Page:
Trump lawyer Rudy Giuliani on Sunday argued that the President “probably” has the power to pardon himself, but said that Trump “has no intention” of doing so.
In an interview with Giuliani, ABC’s “This Week” host George Stephanopoulos asked about a 20-page letter sent in January from members of Trump’s legal team to Special Counsel Robert Mueller. The New York Times published the letter Saturday. In it, Trump lawyers John Dowd and Jay Sekulow argued that the President had broad executive authority to, among many other things, “terminate the inquiry, or even exercise his power to pardon if he so desired.”
“Do you and the President’s attorneys believe the President has the power to pardon himself?” Stephanopoulos asked Sunday.
“He’s not, but he probably does,” Giuliani said. “He has no intention of pardoning himself, but he probably does. It doesn’t say he can’t. There’s another really interesting constitutional argument: Can the President pardon himself?”
“You think it’s an open question?” Stephanopoulos asked.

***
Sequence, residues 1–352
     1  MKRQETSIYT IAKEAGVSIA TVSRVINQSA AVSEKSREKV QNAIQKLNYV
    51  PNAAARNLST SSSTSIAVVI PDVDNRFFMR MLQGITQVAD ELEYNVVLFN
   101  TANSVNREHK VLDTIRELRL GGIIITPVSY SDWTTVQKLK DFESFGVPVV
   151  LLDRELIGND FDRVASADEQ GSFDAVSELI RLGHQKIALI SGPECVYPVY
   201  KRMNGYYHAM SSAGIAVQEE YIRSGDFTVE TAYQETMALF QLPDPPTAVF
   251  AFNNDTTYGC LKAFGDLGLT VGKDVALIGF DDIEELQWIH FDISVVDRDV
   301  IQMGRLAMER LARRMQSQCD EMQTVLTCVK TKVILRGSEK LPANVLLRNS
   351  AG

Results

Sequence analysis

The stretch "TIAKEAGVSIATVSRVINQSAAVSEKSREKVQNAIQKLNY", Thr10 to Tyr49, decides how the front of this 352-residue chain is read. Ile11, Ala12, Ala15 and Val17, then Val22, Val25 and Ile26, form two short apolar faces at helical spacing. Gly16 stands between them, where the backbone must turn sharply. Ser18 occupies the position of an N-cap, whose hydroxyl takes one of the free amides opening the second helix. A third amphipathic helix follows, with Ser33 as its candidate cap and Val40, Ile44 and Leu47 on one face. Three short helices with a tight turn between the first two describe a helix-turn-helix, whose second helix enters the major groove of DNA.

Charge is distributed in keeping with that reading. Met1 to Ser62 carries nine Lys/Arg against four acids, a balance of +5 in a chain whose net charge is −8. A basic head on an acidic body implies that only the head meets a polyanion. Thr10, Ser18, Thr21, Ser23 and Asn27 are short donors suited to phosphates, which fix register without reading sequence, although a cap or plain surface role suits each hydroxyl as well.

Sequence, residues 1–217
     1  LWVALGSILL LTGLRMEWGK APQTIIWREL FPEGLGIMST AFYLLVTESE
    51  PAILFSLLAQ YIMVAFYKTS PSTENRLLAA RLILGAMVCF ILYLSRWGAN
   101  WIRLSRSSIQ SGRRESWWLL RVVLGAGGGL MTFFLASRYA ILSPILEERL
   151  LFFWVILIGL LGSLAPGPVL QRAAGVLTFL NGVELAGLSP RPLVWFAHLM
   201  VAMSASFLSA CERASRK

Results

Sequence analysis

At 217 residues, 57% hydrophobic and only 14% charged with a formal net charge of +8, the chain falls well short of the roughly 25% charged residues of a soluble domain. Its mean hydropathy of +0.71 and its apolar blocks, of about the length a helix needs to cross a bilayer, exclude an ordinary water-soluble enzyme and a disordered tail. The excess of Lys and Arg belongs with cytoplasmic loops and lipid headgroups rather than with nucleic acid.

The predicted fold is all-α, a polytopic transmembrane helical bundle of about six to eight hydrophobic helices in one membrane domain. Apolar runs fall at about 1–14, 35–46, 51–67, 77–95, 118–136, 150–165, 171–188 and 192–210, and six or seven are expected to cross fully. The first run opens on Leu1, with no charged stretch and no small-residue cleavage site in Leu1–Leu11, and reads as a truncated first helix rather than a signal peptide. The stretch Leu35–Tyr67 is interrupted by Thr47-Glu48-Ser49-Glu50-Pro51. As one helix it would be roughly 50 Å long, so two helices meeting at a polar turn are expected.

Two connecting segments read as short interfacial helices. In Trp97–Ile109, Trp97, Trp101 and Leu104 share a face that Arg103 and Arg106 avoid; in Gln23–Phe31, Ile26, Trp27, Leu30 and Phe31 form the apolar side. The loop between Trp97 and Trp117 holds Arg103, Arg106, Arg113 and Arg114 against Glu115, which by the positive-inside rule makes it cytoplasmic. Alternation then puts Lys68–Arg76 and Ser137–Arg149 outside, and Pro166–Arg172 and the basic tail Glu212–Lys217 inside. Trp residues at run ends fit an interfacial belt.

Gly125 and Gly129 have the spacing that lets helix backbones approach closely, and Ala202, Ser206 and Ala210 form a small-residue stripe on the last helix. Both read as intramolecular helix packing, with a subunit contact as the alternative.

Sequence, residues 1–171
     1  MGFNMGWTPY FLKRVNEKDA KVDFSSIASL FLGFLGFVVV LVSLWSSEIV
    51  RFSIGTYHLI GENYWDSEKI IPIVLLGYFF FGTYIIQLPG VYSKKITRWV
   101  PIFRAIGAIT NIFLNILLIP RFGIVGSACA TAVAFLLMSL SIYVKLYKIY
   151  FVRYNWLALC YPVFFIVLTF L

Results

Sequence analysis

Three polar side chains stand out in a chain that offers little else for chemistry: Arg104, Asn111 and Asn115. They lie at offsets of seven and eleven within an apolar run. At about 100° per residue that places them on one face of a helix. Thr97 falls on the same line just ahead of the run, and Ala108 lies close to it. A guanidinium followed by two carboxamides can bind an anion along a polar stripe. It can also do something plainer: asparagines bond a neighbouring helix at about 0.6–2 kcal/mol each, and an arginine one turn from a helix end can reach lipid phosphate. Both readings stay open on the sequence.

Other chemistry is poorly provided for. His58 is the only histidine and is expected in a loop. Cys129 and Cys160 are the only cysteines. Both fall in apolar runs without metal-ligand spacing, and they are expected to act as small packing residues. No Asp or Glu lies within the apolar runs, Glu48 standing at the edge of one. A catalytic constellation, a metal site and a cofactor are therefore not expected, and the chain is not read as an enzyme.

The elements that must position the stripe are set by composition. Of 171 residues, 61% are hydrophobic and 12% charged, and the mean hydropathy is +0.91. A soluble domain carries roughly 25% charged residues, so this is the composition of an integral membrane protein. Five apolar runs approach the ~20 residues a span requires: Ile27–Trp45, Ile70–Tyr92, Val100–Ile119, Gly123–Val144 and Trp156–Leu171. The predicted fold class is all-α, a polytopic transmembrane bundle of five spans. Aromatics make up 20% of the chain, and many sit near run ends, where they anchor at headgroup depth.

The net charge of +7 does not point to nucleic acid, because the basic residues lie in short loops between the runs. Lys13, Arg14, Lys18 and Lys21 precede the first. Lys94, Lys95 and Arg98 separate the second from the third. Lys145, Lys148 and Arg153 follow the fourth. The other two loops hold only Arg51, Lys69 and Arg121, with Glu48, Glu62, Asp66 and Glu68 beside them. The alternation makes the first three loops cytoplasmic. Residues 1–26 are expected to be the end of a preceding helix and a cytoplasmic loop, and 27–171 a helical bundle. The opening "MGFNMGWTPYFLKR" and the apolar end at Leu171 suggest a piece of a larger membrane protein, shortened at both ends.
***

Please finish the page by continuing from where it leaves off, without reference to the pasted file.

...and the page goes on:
“It would be an open question,” Giuliani said. “I think it would probably get answered by, gosh, that’s what the Constitution says, and if you want to change it, change it, but yeah.”
“I think the political ramifications of that would be tough,” Giuliani added later. “Pardoning other people is one thing. Pardoning yourself is another. Other presidents have pardoned people in circumstances like this, both in their administration and sometimes the next president even of a different party will come along and pardon.”
Separately, Stephanopoulos brought up the letter’s admission that Trump dictated Donald Trump Jr.’s statement to the Times in July of last year regarding the campaign-era meeting in Trump Tower with Russians offering dirt on Hillary Clinton. The Trump camp has repeatedly denied that Trump was behind his son’s initial, misleading statement.
“It’s not a very complicated thing,” Stephanopoulos said of the false claims that the President wasn’t involved in Trump Jr.’s initial statement regarding the meeting. “The President was there, he was dealing with the letter. At first it was all denied, and now you’re saying he dictated it.”
“I don’t know, and Jay [Sekulow] would have to answer that,” Giulinai said. “But I’ve talked to him about it. I think Jay was wrong.”
“This is the reason you don’t let this President testify,” he added. “Our recollection keeps changing, or we’re not even asked a question and somebody makes an assumption.”
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